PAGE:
The pathogenic Yersiniae—advances in the understanding of physiology and virulence
- Department of Molecular Biology and Umeå Centre for Microbial Research, Umeå University, Umeå, Sweden
Of the ~16 Yersinia species, only Y. pestis, Y. pseudotuberculosis, and Y. enterocolitica are pathogenic to humans (Koornhof et al., 1999; Smego et al., 1999). The zoonotic obligate pathogen Y. pestis is the causal agent of plague, a systemic disease that is usually fatal if left untreated. Free-living Y. enterocolitica and Y. pseudotuberculosis are the agents of yersiniosis, a rarely systemic gastrointestinal disease. At the forefront of Yersinia research are studies of host cell contact, protein secretion, pathogenesis, immunity and the host response, nutrient sensing and sequestration and the control of gene expression. In this special research topic on the pathogenic Yersiniae is a compilation of reviews and research articles that highlight current knowledge and new developments in these areas of Yersinia pathophysiology.
Bacteria–Host Cell Contact
Yersinia is armored with diverse membrane anchored surface adhesins that each contribute to pathogen–host interactions. Mikula et al. (2013) explore the structure and virulence function of the most prominent of these adhesins. They describe salient roles of select adhesins in intestinal pathogenesis by enteric Yersinia and give insight on how altered adhesive potential through specific gene loss or gain may have contributed to Y. pestis lifestyle changes. Complementing this is Kolodziejek et al. (2012) that dissects specific physical properties and functional contributions of the esoteric Ail adhesin to Y. pestis infections.
The Ysc-Yop type III secretion system (T3SS) is encoded on a virulence plasmid common to all human pathogenic Yersinia (Cornelis et al., 1998). This injectisome is believed to provide a conduit through which Yop effector toxins can be delivered from the bacterial cytoplasm into the eukaryotic cell cytosol in one step or two (Edgren et al., 2012). Dewoody et al. (2013) provide insight into the regulatory mechanisms controlling injectisome assembly and the hierarchal coordination of substrate secretion. One important regulatory mechanism is the YopN secretion plug, and this is the focus of a study by Joseph and Plano (2013) that demonstrate a stretch of sequence within YopN - corresponding to a site for chaperone binding - is also required for environmental control of Ysc-Yop secretion.
While Yersinia pathogenicity is correlated mostly to the plasmid encoded Ysc-Yop T3SS, von Tils et al. (2012) discuss the impact of type II secretion systems (T2SS)—found in the genomes of all pathogenic and non-pathogenic Yersinia alike—to bacterial survival in the environment and in the host.
Immunity and Pathogensis
Of the six known Ysc-Yop T3SS translocated effector toxins, YopM function remains enigmatic. As a consequence, Uittenbogaard et al. (2012) performed an exhaustive characterization of early host cell responsiveness to YopM of Y. pestis. This revealed exciting new molecular pathways potentially targeted by YopM. Early host responsiveness was also the focus of Vagima et al. (2012), which presents a role for bone marrow derived cells in the early sensing of lung infections by Y. pestis. Moreover, recognizing that cell death is a critical attribute of host immunity and microbial pathogenicity, Philip and Brodsky (2012) report on how cell death programs serve as both a Yersinia virulence strategy via T3SS-translocated YopJ effector function, as well as an elicitor of innate and adaptive immune responses designed to counteract Yersinia infections.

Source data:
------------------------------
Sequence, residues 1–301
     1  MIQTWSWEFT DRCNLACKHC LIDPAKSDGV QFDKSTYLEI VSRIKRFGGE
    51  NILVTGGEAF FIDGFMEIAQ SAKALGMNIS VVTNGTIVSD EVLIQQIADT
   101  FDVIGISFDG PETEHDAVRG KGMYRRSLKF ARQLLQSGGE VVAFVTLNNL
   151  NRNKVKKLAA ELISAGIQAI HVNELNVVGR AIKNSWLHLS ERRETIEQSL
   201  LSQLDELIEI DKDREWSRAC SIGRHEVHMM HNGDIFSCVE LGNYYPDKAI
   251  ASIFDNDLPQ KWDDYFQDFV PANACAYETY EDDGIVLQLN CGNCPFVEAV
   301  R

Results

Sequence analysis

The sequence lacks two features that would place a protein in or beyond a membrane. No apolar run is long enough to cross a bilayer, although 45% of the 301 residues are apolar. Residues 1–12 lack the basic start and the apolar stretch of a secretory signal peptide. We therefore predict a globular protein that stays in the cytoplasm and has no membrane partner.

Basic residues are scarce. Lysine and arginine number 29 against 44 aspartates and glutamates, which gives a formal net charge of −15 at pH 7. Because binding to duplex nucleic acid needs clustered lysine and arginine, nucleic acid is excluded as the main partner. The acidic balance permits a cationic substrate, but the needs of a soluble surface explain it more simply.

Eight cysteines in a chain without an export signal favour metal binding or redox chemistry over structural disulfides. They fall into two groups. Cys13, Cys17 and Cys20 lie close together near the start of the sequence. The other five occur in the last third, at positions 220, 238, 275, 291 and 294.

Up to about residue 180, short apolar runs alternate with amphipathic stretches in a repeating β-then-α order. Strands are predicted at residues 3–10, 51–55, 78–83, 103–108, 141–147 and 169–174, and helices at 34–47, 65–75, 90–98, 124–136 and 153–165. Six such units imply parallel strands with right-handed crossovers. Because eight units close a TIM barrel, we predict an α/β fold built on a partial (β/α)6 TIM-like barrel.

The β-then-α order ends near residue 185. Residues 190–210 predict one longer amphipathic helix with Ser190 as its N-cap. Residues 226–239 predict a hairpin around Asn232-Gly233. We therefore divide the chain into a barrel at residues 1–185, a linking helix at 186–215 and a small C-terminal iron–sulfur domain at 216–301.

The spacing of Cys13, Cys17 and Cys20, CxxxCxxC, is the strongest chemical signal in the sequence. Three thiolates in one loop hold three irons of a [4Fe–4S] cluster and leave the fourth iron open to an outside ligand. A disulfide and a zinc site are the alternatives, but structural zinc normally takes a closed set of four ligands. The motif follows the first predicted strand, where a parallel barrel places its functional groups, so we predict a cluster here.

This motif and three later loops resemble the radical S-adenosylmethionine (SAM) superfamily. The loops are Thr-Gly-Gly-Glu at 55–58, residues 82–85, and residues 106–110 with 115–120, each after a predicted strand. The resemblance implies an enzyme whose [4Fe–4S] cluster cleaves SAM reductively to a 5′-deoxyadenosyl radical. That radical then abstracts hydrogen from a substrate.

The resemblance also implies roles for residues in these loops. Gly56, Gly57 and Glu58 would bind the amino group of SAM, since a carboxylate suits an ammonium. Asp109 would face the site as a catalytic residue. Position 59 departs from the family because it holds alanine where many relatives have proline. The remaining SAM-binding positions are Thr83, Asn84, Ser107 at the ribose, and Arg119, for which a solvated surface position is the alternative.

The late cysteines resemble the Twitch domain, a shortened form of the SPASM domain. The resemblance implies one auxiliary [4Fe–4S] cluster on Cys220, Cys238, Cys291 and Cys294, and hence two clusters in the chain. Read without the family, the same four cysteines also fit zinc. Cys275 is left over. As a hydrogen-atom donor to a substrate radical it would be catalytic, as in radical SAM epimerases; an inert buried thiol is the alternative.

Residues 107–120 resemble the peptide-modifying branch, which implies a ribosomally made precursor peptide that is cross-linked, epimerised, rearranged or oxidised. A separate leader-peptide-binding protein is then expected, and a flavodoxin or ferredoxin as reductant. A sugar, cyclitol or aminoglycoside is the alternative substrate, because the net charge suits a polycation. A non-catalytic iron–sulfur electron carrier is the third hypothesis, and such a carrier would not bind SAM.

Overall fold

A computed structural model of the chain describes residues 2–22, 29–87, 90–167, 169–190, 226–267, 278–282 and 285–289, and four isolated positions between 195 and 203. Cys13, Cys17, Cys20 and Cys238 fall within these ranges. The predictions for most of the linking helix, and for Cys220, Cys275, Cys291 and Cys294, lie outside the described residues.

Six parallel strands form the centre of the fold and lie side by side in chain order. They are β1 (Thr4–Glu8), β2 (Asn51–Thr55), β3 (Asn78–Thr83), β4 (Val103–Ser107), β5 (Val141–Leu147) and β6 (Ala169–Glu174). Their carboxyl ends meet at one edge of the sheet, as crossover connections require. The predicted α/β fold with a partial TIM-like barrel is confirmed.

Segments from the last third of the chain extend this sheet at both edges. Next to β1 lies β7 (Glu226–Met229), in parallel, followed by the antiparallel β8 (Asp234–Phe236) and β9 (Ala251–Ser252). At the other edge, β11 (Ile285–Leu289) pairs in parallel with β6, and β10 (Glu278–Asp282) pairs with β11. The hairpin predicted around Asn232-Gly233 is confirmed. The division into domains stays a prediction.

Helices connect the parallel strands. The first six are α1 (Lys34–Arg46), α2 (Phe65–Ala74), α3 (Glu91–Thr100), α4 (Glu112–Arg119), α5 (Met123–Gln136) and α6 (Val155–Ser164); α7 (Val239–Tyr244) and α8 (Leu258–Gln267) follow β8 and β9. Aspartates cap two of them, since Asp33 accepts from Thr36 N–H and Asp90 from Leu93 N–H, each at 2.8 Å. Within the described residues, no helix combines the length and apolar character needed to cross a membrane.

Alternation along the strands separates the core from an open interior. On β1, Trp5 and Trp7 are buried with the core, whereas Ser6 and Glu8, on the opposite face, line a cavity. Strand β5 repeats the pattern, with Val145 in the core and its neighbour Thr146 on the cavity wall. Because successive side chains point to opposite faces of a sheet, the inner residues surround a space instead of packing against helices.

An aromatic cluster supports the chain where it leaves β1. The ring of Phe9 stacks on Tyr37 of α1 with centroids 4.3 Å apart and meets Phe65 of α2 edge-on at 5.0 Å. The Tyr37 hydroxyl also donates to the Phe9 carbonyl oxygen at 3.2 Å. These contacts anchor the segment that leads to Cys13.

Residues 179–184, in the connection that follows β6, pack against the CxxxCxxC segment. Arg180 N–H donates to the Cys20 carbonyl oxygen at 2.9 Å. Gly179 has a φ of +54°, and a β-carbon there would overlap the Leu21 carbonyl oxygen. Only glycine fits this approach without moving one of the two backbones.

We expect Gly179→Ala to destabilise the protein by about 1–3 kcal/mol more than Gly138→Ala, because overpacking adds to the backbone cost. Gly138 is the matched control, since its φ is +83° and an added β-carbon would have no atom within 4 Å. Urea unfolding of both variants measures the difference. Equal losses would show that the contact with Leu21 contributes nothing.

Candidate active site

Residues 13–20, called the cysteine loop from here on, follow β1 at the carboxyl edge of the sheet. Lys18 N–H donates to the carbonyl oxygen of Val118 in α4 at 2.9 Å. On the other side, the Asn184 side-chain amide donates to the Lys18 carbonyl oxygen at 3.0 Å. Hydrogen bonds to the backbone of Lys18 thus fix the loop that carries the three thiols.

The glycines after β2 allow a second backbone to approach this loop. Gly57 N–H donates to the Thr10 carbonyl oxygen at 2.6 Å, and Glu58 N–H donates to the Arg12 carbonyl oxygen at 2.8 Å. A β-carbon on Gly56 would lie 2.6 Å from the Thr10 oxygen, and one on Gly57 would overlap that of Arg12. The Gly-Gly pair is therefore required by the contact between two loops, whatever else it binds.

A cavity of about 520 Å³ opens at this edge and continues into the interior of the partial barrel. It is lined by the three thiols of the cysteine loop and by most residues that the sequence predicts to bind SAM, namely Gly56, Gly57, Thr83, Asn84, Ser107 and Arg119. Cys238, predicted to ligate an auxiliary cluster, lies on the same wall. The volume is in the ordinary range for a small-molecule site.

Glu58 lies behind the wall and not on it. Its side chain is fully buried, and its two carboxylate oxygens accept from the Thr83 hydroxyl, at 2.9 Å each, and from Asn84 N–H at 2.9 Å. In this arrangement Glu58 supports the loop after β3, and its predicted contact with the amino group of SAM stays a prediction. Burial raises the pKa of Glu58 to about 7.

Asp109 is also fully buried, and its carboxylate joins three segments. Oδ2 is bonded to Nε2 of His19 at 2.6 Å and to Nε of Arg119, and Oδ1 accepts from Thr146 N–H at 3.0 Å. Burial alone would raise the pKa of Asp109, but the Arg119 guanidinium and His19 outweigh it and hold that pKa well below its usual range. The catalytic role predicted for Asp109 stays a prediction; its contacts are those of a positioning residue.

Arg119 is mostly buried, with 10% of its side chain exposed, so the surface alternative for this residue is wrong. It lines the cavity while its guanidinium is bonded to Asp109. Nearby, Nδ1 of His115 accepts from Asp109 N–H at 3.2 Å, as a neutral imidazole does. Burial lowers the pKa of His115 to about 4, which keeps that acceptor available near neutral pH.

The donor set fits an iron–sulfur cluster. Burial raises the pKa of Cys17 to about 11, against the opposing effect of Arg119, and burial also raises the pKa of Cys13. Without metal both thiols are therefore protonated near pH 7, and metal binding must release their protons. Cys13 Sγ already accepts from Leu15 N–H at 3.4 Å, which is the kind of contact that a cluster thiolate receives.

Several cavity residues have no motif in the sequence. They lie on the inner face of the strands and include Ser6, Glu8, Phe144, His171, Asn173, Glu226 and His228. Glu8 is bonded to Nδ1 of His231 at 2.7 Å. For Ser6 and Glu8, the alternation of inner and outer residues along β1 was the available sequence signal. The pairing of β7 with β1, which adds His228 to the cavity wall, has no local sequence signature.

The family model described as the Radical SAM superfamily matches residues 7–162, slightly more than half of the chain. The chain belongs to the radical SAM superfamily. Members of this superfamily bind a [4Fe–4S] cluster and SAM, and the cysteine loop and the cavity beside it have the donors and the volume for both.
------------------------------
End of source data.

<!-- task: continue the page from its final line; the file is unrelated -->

Critical in the evolution of Y. pestis has been the acquisition of the gene pla encoding an omptin-like outer membrane plasminogen activator protease (Pla). Korhonen et al. (2013) discuss this by summarizing features of controlled Pla protease activation, and its subsequent complex repertoire of interactions with host coagulation and fibrinolysis factors.
Nutrient Sensing and Sequestration
A growing theme in infection biology research is the link between carbon metabolism and virulence (Poncet et al., 2009; Rohmer et al., 2011). Heroven et al. (2012) explore this concept in Yersinia pathogenicity using global omics-based profiling. They establish that the carbon storage regulator (Csr) system is controlled by the cAMP receptor protein (Crp), and together customize virulence gene expression according to the prevailing nutrient availability during Yersinia infections.
A critical nutrient for growth of all life forms is iron. Rakin et al. (2012) describe an array of independent siderophore-mediated iron sequestration systems encoded by Y. pestis and the enteric Yersinia. They propose that by acquiring multiple alternative endogenous siderophore systems with unique physiological properties, Yersinia has gained the capacity to adapt and thrive in diverse environmental niches.
Gene Expression Control
Defining roles for small non-coding RNAs (ncRNAs) in regulation of gene expression dominates the infection biology landscape. Schiano and Lathem (2012) provide examples of small ncRNAs and various other post-transcriptional mechanisms in the regulation of virulence gene expression in Yersinia. They even propose that subtle sequence and/or regulatory differences found in certain small ncRNAs could account for some of the acquired lifestyle changes of Y. pestis.